(PhysOrg.com) -- New UQ volcano research is helping to unlock the mystery surrounding one of the world's most important tectonic events.
The study, which forms part of an ongoing research team effort in the University's Argon Geochronology in Earth Sciences (UQ-AGES), has found a major collision between the Australia plate and Earth's largest oceanic plateau, the Ontong Java Plateau (OJP), in the South Pacific, happened about 26 million years ago.
Earth Sciences senior lecturer Dr Kurt Knesel said geologists had long theorised about the collision however, it was not clear how or when the event occurred because the deep oceanic evidence was so inaccessible.
The UQ researchers used new ages for volcanoes in eastern Australia to yield information about plate migration and uplift histories, not retrievable from already available data.
Dr Knesel said team member and former UQ PhD student Dr Ben Cohen also looked for volcanic remains on the seafloor that corresponded in time and space to their estimate of the plateau's arrival.
“Ben noticed bends in the middle of two different seamount chains – tracks of volcanoes on the ocean floor – off of eastern Australia,” he said.
“The chains were offset at the same time that the volcano migration slowed on land, giving further evidence that the plateau arrived then and caused an abrupt westward plate excursion.”
Dr Knesel said the research helped discover notable patterns in the northward drift of Australia.
He said more than 100 volcanic samples were used as a kind of speedometer for the drift of the Australian plate.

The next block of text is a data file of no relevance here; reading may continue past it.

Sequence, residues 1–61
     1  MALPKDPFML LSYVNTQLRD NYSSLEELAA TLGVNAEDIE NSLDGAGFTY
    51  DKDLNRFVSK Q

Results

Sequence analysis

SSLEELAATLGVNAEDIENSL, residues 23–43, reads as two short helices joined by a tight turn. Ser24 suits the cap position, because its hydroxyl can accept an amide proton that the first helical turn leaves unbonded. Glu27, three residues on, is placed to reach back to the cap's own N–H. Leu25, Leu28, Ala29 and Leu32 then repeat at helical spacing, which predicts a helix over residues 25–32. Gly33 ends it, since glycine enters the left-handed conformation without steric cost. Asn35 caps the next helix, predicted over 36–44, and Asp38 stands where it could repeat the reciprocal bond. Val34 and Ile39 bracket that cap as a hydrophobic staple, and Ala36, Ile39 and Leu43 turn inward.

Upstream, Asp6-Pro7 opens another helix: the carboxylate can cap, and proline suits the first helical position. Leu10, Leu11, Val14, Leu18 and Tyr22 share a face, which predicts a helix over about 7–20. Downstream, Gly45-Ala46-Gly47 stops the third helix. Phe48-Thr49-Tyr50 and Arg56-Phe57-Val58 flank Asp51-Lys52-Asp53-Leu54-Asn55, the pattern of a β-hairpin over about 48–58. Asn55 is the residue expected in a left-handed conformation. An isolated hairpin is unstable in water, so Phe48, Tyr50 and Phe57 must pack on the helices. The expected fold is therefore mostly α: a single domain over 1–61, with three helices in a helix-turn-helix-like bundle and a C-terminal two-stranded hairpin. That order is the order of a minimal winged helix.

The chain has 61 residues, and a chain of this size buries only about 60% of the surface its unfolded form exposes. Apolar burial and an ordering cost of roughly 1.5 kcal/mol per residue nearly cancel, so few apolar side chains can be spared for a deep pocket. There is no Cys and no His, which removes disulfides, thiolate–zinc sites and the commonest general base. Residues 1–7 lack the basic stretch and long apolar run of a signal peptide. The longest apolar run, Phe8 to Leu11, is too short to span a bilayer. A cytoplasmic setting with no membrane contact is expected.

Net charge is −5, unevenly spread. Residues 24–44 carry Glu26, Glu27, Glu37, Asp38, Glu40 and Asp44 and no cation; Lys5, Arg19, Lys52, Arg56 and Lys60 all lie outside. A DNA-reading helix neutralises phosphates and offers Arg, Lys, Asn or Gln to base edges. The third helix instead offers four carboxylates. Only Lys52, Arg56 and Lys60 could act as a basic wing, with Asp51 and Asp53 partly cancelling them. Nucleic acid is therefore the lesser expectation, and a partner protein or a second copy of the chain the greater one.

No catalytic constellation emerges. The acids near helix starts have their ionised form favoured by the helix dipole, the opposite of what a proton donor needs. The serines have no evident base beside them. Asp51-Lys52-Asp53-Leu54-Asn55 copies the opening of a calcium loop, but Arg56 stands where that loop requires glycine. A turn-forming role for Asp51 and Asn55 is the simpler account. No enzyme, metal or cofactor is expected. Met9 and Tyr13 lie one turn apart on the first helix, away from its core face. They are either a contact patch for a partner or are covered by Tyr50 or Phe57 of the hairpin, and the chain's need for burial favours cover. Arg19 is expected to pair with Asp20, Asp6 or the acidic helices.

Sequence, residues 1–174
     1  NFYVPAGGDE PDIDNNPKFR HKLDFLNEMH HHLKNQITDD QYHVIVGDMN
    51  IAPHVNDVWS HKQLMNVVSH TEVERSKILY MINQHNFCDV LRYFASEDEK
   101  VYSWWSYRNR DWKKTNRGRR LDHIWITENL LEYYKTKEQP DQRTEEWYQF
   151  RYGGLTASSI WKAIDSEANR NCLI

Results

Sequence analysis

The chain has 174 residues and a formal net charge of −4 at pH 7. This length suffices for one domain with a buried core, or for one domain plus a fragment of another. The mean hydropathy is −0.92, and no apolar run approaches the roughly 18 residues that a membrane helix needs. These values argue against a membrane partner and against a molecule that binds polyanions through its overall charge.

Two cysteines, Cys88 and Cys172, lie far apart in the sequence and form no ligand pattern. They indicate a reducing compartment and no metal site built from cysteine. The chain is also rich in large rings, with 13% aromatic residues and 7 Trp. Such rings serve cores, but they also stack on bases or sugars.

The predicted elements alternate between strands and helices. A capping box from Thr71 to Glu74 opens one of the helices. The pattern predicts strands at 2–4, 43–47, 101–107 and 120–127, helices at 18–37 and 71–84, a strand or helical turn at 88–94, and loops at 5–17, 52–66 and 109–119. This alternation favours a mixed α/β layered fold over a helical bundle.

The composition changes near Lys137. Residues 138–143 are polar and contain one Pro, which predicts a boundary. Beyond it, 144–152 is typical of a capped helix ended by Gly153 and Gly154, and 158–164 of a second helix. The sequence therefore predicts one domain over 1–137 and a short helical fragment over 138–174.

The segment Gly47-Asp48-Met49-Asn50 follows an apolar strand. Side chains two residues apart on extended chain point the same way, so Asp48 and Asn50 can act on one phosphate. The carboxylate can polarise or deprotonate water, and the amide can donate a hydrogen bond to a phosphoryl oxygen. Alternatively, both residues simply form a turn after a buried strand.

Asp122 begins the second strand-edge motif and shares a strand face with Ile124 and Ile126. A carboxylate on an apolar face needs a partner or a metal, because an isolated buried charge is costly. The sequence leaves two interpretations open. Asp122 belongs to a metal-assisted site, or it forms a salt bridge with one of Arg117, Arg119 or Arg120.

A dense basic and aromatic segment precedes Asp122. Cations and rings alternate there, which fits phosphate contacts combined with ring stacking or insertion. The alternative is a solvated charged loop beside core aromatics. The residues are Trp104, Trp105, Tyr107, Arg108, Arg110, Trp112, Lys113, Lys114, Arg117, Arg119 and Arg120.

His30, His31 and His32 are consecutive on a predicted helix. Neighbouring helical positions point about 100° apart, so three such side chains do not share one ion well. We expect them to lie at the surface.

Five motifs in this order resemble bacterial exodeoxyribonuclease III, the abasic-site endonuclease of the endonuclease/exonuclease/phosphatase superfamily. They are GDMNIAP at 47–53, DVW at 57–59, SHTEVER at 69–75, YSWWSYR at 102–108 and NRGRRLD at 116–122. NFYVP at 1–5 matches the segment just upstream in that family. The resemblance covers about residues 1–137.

“We think the immense plateau, which is roughly the size of Greenland, blocked Australia's northerly movement – rapidly altering the pattern of volcanic activity between 26 and 23 Ma,” he said.
“This momentous collision also initiated a dramatic plate reorganization.
“Before the collision, the Pacific plate was sinking or subducting below the Australian plate.
“However, the arrival of the plateau jammed and reversed this system, such that the Australian plate now sinks below the Pacific.”
The UQ team also included Head of Earth Sciences Associate Professor Paulo Vasconcelos and research officer in the University of Queensland Argon Geochronology in Earth Sciences (UQ-AGES) laboratory Dr David Thiede.
The establishment of The University of Queensland Argon Geochronology in Earth Sciences laboratory was partly-funded by the Australian Research Council and funding for the current project was provided through UQ-AGES contract research and an Australian Postgraduate Award to Dr Cohen.
The team's research formed part of the article “Rapid change in drift of the Australian plate records collision with Ontong Java plateau,” recently published in the journal Nature.
Provided by University of Queensland
Explore further: Ocean scientists look into the past to predict Australia's climate future